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Today, we’re saddened by the news that Evel Knievel, the first Daredevil that anyone over 30 knew when we were kids, died today at 69 years old. Knievel had cheated death many times throughout his motorcycle-jumping career, with stunts that went awry, but amazingly he always pulled through. He often joked that he had broken every bone in his body, except his neck. Knievel was most recently in the news for an amicable settlement with Kanye West following a lawsuit against West for using the likeness of Knievel in a music video for West’s song “Touch the Sky“.

He was the reason many of us built our first ramps, launching our bikes over our own version of Knievel’s “Snake River Canyon Jump”. I even had the stunt cycle toy that you would wind up and launch a plastic Knievel over anything in its path. I have a feeling my boys might end up with their own this Christmas.

Mat Hoffman was one also one of the kids under the Knievel influence, and once he finally met Knievel, they struck up a friendship and Hoffman Bikes built a limited run of 500 Evel Knievel signature bikes in 1998 and then followed with a Wembley Stadium edition in 1999. There was also a few Harley-Davidsons built to celebrate the launch of this collaboration.

Hoffman Bikes Evel Knievel Bike

Close-up shot of a 1998 Hoffman Bikes Evel Knievel bike, 1 of only 500 made. From BMXmuseum.com

From EXPN. com: “If you asked Mat to make a list of who the most influential people in his life have been, one name that stands at the top, in regards to his influence on Mat’s riding and determination, is nothing short of pure Evel. Evel Knievel that is, the greatest stuntman to ever dawn a two-wheeled vehicle. Now, in honor of Evel’s lifetime of achievements, Hoffman Bikes has been granted the privilege to manufacture a signature series bicycle worthy of flying the Evel Knievel banner.”

The decals on the bike featured a quote from Knievel, “You’re never a failure in life when you fall, as long as you try & get up.” Truer words have not been spoken. I mean, c’mon, he did these jumps on a freaking 300-pound Harley-Davidson, after all.

Stephen Murray Props Auctions

Props Stephen Murray Bike Auctions. Video from Props.

Just saw this over on Fat BMX Magazine, and felt compelled to put it up as soon as I read it. Stephen Murray’s mom, Cynthia gives an excellent update on his progress. Just awesome to hear about.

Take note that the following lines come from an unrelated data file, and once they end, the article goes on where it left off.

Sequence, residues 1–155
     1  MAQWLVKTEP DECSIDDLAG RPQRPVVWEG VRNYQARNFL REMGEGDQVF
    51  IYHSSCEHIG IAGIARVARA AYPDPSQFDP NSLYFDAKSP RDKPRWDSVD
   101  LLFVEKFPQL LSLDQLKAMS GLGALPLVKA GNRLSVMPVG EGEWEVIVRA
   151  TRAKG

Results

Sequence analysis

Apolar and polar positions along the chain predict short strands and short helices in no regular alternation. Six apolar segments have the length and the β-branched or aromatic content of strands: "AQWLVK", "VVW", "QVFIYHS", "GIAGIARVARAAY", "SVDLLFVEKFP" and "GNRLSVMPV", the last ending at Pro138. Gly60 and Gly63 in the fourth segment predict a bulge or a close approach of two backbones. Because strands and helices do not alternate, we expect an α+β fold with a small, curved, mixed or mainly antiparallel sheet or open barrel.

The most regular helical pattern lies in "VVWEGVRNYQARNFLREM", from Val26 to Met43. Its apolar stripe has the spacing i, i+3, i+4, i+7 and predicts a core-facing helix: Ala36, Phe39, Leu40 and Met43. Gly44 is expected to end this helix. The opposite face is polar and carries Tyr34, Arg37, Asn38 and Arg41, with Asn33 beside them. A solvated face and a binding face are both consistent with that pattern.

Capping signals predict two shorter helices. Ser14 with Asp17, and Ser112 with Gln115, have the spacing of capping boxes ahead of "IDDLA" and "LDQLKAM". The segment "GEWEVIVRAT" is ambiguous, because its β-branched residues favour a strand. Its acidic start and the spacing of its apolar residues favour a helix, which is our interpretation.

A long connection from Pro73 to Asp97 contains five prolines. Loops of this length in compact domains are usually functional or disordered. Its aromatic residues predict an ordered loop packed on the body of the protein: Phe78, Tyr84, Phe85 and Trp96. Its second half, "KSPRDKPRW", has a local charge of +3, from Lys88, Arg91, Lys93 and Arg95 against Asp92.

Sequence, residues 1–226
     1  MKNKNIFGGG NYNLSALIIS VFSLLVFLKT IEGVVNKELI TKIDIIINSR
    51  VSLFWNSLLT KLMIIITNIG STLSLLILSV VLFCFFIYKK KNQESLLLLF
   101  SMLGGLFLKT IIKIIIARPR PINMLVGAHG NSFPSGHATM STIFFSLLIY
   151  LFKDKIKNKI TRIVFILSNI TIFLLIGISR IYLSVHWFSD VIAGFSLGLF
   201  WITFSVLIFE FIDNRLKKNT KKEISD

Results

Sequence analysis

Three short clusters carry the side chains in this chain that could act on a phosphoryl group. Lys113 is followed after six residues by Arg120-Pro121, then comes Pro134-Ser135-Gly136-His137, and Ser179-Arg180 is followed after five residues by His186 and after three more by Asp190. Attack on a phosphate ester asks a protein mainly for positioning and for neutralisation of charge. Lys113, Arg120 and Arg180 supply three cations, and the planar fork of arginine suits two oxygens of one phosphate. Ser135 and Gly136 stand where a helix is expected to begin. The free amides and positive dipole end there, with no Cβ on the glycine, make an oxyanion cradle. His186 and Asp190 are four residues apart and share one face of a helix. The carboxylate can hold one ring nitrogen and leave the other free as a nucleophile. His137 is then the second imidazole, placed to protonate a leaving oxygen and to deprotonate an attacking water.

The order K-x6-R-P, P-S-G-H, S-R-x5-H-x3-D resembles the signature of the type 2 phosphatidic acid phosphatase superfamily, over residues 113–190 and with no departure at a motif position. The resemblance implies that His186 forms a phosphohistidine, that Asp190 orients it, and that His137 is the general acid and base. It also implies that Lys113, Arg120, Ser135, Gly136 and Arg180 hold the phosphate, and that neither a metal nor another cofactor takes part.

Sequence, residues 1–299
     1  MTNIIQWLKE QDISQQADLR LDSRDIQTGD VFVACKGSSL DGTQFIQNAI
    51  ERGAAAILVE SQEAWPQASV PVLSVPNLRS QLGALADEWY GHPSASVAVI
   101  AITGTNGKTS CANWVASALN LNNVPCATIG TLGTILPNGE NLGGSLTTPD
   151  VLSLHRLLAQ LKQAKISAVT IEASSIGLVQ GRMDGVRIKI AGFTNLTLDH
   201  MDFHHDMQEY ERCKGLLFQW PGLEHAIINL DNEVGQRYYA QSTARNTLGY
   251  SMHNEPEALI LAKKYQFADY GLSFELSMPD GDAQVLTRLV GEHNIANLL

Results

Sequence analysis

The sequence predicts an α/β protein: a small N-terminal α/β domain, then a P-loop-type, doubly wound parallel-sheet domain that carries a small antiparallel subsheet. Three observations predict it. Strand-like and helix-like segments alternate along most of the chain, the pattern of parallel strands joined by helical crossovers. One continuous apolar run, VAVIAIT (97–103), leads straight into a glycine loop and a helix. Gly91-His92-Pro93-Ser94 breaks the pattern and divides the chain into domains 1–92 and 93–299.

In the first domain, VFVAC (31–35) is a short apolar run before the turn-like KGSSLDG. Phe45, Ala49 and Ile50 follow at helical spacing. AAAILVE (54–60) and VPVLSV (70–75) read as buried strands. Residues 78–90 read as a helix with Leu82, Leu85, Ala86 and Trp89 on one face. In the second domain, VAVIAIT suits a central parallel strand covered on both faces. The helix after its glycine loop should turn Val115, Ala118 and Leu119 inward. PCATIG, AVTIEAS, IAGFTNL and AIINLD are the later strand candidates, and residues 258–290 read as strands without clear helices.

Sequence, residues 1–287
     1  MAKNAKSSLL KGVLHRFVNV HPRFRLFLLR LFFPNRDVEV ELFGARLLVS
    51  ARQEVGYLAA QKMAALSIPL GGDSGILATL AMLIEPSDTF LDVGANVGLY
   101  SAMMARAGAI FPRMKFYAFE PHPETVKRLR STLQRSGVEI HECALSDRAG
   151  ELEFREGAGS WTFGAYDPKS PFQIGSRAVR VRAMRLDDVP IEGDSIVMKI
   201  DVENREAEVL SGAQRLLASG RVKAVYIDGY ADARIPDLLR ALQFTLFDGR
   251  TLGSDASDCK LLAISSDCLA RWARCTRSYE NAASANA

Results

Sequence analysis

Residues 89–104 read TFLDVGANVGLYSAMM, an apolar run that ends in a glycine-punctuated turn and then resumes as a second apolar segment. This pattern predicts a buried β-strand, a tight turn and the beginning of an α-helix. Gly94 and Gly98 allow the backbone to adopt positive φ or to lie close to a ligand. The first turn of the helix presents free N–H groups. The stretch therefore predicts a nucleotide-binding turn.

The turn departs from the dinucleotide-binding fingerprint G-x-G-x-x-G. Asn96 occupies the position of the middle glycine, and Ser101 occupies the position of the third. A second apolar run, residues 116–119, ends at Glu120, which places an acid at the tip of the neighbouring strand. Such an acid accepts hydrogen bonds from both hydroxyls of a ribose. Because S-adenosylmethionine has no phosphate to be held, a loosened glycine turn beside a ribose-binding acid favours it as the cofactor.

“I would just like to share my happiness with you that after 130 days Stephen is vent free, oxygen free and trach free! Last night they took out his trach and so now all we have to wait for his the wound in his throat to heal. The relief of him not being dependant upon the ventilator is unimaginable. It’s better than winning the lottery!

Next step…………movement. If I say so myself I have a remarkable son who will defy all odds and amaze us all.

Thank you to all for your support
Cynthia”

Also, today is the first day of the auctions Props Visual has put together to continue to help raise money for the Stephen Murray Family Fund. Stephen’s accident occurred just as they were going out to film their latest video and they got 11 riders to donate their bikes. Mat Hoffman’s Condor is the first one up, and available today on Ebay. Bid high, and bid often!

As Mat’s signature on his bike says – “Give to the strength of our community”. Much respect to Stew Johnson from Props and all those who have donated. You can see the complete list at the link to Props, above.

Head First Video - 1991, Mat Hoffman

A week or so ago, I posted here that the entire video of Aggroman was available on Google Video for all to enjoy. However, the real news is that Eddie Roman created “The Trilogy”, with Aggroman, Head First and Ride On all on one DVD. Looks like it is a limited run of DVDs, available only in a select few places – directly from Eddie via Aggroman.com and also from Sidewall Distribution – Hoffman Bikes distributor – let me know of anywhere else.

These are some of the earliest rider-created Freestyle videos, leading the way for so many of today’s bmx movies, regardless of format – VHS, DVD and most recently, the Internet. Granted, as I said before, some of the plots, especially in the case of Aggroman, are, well, a bit cornball. However, the riding is just so damn good, and it still holds up even today.

I’ve got my copy on order, you should too.


Mat Hoffman’s first 900 – 1990

Last night I was rolling around the driveway with the boys and hitting some old freestyle tricks – building nerve, hopping higher and spinning faster. However, it was the simplest of all tricks that got me – an endo. I was showing my oldest how to do it, and my foot slipped, the freewheel spun and, WHAM, pedal to the shin. It immediately bruised up, started bleeding and hurt like hell. Added to my scar tissue for the first time in a while, and it is throbbing as I type this today.